Hosting the Olympics—and the infrastructure repairs, construction projects and additional security costs that hosting entails—can create an enormous amount of debt if a city is funding the Olympics through taxpayer money. Montreal’s ’76 Olympics was publicly funded and created $2.7 billion in debt, which wasn’t paid off until 2005.

In comparison, Atlanta was funded primarily through private sponsorships (like from Coca-Cola, which is headquartered in the city), which helped protect the city from sinking into debt.

2. Causes Cities to Build Unused Sporting Venues

Many of the facilities erected for the Athens Olympics have gone unused, becoming so-called “white elephants” in the cityscape. Athens’ Olympic Park has been abandoned and is closed to the public. The softball field has dried out. In fact, 21 of the 22 stadiums built were unoccupied in 2010, and their huge expense helped contributed to Greece’s sizable national debt.

3. High Ongoing Maintenance Costs

If countries do plan to continue using the facilities built for the Olympics, the maintenance costs can be prohibitive: Costs on the Athens’ facilities for upkeep in 2005 rang in at $124 million. And Sydney, which hosted the 2000 summer games, spends $30 million a year to keep the Olympic stadium running.

4. Surprising Drops in Tourism and Consumer Spending

In their book “Soccernomics,” sports economist Stefan Szymanski and writer Simon Kuper researched the economic effect of hosting major sports events. They wrote: “Big sports tournaments attract some visitors and deter many others.” In fact, many cities experience a decrease in normal consumer spending, as residents avoid heavily trafficked areas and tourists who might normally plan a visit to the city stay away. Reports from London have said that hotel, restaurant, theater and other tourist venues are seeing decreases of 30% in traffic. And in Barcelona, one-sixth of the city’s residents planned to travel away from the city during the ’92 games.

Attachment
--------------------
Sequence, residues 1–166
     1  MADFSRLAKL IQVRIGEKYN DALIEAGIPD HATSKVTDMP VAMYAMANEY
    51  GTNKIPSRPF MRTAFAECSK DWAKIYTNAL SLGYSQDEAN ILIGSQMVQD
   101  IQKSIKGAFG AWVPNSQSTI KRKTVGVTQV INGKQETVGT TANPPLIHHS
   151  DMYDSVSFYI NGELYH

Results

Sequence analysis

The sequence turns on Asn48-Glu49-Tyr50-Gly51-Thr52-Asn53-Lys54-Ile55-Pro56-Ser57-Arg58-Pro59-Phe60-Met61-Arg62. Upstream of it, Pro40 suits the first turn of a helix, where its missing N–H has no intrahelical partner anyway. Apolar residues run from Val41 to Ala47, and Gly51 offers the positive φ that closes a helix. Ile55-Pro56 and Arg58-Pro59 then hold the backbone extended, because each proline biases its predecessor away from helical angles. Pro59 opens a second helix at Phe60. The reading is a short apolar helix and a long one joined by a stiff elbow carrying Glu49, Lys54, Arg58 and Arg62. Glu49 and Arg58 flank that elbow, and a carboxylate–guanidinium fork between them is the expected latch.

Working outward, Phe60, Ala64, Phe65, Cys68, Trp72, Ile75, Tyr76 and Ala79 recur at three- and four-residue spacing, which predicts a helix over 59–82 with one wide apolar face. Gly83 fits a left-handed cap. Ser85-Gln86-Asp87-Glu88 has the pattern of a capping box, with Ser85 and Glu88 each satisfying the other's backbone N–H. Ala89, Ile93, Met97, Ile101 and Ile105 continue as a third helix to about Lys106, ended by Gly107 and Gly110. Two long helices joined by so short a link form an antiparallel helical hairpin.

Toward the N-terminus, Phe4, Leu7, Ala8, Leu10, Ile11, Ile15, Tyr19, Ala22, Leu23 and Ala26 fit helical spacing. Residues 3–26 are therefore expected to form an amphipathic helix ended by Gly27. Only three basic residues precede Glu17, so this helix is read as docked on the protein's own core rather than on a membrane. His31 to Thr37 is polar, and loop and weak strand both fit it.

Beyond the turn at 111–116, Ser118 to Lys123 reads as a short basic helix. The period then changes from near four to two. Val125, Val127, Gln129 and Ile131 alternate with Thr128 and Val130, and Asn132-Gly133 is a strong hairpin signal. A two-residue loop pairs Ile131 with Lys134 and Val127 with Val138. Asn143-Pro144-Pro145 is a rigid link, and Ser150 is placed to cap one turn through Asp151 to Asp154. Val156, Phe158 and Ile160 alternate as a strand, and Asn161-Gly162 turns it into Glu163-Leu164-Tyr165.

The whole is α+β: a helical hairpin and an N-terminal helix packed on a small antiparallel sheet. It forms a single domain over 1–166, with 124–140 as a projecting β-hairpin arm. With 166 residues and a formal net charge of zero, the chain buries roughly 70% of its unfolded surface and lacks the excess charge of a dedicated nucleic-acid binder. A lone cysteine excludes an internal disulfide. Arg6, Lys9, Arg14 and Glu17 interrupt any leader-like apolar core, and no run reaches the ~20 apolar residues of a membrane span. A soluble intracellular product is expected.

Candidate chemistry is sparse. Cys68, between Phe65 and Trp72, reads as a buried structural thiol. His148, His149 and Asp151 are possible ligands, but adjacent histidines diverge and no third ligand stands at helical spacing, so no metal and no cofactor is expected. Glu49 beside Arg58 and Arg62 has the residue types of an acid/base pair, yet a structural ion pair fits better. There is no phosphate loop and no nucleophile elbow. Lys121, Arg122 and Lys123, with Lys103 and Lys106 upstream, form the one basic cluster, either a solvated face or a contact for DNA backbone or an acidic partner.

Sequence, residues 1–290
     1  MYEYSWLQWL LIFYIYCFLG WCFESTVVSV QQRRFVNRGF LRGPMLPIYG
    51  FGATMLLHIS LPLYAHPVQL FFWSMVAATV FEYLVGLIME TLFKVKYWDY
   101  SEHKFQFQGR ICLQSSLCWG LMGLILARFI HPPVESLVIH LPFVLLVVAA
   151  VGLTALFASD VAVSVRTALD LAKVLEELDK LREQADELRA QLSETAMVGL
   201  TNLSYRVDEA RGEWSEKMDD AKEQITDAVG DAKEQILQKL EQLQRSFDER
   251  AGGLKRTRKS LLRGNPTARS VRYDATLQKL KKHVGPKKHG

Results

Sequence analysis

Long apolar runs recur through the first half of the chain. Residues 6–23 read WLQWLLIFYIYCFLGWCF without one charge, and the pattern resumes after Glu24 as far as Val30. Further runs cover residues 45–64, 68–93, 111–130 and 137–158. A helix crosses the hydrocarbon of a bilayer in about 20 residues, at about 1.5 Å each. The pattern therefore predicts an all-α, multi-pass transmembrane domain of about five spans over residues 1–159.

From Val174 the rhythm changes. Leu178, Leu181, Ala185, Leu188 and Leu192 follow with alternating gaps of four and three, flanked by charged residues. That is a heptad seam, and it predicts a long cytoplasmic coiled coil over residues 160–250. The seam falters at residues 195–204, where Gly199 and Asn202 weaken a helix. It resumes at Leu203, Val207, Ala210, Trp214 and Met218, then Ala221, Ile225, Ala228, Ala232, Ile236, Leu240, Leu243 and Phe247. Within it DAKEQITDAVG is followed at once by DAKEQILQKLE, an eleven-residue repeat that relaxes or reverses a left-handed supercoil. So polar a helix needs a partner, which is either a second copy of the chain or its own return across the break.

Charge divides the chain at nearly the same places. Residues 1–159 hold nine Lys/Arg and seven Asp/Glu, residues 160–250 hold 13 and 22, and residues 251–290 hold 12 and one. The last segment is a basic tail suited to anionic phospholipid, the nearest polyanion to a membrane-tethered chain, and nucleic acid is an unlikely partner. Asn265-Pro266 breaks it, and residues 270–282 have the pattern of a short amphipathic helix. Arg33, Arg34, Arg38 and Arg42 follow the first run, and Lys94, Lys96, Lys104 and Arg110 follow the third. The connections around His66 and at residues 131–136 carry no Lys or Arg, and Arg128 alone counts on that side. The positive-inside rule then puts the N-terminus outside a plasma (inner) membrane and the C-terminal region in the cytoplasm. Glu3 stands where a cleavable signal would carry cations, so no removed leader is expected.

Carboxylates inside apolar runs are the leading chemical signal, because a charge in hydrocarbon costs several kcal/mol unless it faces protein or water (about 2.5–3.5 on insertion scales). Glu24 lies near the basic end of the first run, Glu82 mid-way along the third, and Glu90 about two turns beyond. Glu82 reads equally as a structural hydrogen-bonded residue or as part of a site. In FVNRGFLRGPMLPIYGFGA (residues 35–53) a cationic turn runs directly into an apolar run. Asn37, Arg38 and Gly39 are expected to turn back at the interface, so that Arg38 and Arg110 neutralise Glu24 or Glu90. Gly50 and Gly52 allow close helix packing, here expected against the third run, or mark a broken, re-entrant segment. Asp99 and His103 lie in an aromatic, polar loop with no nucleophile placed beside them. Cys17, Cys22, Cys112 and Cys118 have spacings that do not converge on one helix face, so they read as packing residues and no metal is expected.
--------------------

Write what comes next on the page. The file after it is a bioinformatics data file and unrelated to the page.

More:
How Will London Fare in the Long Run?

It’s clear that hosting the Olympics can have both positive and negative effects on a city. Though the exact math gets a little hazy when calculating all of the onetime and ongoing expenses, and adding all the increases in revenue attributed to the Olympics, popular opinion seems to hold that Atlanta and Salt Lake City had a net positive experience, while Montreal and Athens were negatively affected. So how will London pan out?

While it’s too soon to say for sure, London’s situation differs from more “successful” cities like Atlanta and Salt Lake City in that the city did not need the promotional boost. As Szymanski said to Sports Illustrated: “After London got the Games, there were people running around saying, ‘This’ll put London on the map!’ … Show me a map that London isn’t on!”

One plus is that London was in need of infrastructure and transit improvements, which are undoubtedly a positive result of the games.

But relying a lot on public funding for the games (see: Montreal) has led cities into considerable debt. In the case of London, £9 billion of the funding for the games has come from the government, with only £2 billion coming from LOCOG (the London Organizing Committee of the Olympics and Paralympic Games), which is privately funded.

Of course, given the UK’s current $1.04 trillion national debt, the debts incurred by the Olympics are little more than a drop in an already sizeable bucket.

There’s one last promising sign, though: Nearly £300 million has been earmarked for “legacy funding,” which will help transition the Olympic park into a usable asset for the city once the games are over. Given that the most successful Olympic host cities have turned their Olympic venues into frequently used arenas after the games have ended, this is especially encouraging.

When all is said and done, though, given that London is the second-largest financial center in the world and the most visited international tourist destination, London will probably be just fine and dandy once the torch is passed on to another city, despite the fact that the city just threw so much money down the Tube. (Get it?)

Image Credit: Flickr via id513128

  • jemblue

    London is the most visited tourist destination?  I thought Paris held that distinction.